Mississippi John Hurt

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Mississippi John Hurt (July 3, 1893[1][2] or March 8, 1892[3] — November 2, 1966) was an influential country blues singer and guitarist.[4] He sang in a loud whisper, to a melodious finger-picked guitar accompaniment.[5]



Born John Smith Hurt in Teoc,[6] Carroll County, Mississippi and raised in Avalon, Mississippi, Hurt learned to play guitar at age 9. He spent much of his youth playing old time music for friends and dances, earning a living as a farm hand into the 1920s.[7] In 1923 he partnered with the fiddle player Willie Narmour as a substitute for his regular partner Shell Smith.[7] When Narmour got a chance to record for Okeh Records as a prize for winning first place in a 1928 fiddle contest, Narmour recommended John Hurt to Okeh Records producer Tommy Rockwell. After auditioning "Monday Morning Blues" at his home, he took part in two recording sessions, in Memphis and New York City (see Discography below).[7] The "Mississippi" tag was added by Okeh as a sales gimmick. After the commercial failure of the resulting records, and Okeh Records going out of business during the Great Depression, Hurt returned to Avalon and obscurity, working as a sharecropper and playing local parties and dances.[5]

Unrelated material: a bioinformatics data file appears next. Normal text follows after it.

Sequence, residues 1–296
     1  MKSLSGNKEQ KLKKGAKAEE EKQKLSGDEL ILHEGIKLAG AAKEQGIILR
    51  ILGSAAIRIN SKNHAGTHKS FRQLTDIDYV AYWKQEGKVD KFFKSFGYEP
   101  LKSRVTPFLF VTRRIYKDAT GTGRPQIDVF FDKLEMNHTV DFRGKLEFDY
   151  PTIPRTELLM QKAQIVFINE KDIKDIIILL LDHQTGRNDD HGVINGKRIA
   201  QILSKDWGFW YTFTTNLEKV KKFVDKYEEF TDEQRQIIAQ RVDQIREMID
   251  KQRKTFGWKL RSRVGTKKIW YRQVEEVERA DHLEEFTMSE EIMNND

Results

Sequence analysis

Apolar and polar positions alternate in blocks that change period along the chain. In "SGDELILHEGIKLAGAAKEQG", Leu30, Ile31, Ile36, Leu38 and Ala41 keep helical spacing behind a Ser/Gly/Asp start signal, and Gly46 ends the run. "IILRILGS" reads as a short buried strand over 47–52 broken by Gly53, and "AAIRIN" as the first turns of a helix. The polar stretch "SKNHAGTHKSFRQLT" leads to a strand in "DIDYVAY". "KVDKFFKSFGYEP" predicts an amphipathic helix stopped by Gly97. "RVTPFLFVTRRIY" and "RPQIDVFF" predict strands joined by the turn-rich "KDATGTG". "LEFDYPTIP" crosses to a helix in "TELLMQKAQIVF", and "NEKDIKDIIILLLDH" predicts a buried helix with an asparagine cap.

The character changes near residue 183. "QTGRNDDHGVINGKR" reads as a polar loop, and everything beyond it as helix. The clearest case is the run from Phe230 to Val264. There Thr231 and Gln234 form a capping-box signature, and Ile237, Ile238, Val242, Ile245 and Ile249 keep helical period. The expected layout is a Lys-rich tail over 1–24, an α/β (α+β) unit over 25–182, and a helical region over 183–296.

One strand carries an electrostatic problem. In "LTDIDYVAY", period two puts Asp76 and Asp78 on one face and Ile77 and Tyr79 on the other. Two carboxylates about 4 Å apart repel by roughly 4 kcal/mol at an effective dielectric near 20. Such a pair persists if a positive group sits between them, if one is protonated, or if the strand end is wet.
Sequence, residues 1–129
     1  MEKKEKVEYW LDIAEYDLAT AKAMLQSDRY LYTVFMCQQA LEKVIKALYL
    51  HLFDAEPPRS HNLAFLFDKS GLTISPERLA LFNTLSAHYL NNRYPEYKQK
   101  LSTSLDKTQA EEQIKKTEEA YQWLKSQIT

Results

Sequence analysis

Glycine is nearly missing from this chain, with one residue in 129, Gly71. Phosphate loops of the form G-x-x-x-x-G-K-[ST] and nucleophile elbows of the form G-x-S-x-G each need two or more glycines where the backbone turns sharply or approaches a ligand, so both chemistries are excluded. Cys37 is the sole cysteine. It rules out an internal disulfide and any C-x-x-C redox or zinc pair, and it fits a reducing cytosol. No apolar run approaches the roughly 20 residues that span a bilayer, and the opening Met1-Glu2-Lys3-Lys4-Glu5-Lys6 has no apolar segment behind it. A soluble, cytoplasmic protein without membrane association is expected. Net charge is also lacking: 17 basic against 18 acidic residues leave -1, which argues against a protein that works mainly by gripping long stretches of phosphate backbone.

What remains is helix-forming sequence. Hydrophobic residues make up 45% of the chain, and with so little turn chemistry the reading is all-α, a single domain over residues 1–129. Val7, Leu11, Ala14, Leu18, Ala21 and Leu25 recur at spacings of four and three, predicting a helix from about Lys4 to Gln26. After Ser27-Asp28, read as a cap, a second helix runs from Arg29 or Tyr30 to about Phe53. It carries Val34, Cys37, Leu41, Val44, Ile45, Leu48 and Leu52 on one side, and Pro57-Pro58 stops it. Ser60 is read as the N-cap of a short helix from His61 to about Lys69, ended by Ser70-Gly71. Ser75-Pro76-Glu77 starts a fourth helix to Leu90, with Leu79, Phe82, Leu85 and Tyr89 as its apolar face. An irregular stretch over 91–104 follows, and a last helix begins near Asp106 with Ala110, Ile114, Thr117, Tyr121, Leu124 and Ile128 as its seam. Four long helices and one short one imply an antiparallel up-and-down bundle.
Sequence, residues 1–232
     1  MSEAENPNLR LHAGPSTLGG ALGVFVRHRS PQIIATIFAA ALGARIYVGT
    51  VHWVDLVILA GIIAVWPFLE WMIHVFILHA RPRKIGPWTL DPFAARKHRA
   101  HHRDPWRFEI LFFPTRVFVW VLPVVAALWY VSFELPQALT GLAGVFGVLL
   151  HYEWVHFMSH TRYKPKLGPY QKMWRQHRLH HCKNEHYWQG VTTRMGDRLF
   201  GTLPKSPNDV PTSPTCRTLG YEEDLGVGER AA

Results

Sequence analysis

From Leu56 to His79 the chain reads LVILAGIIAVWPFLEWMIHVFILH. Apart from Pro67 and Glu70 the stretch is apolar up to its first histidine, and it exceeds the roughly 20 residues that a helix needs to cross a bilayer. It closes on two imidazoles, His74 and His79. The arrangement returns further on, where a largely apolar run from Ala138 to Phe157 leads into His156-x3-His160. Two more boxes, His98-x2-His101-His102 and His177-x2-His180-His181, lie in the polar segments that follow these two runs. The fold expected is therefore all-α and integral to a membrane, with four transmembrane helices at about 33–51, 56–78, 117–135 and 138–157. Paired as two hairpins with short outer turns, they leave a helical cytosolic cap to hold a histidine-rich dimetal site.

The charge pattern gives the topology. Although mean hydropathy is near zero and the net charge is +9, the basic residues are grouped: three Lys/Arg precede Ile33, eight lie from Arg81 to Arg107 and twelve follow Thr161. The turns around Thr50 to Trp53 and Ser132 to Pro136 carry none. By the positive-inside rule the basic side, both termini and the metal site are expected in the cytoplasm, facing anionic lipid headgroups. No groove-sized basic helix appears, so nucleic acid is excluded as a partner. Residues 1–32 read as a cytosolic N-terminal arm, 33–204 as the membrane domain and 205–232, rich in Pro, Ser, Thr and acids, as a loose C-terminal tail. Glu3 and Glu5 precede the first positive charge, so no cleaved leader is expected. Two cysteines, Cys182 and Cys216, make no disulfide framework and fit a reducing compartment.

In 1963, however, a folk musicologist, Tom Hoskins, inspired by the recordings, was able to locate Hurt near Avalon, Mississippi.[8] Seeing that Hurt's guitar playing skills were still intact, Hoskins encouraged him to move to Washington, D.C., and begin performing on a wider stage. His performance at the 1964 Newport Folk Festival saw his star rise amongst the new folk revival audience.[5] Before his death he played extensively in colleges, concert halls, coffee houses and also on the Tonight Show with Johnny Carson, as well as recording three further albums for Vanguard Records.[5] Much of his repertoire was recorded for the Library of Congress, also. The numbers his devotees particularly liked were the ragtime songs "Salty Dog" and "Candy Man", and the blues ballads "Spike Driver Blues" (a variant of "John Henry") and "Frankie".[5]

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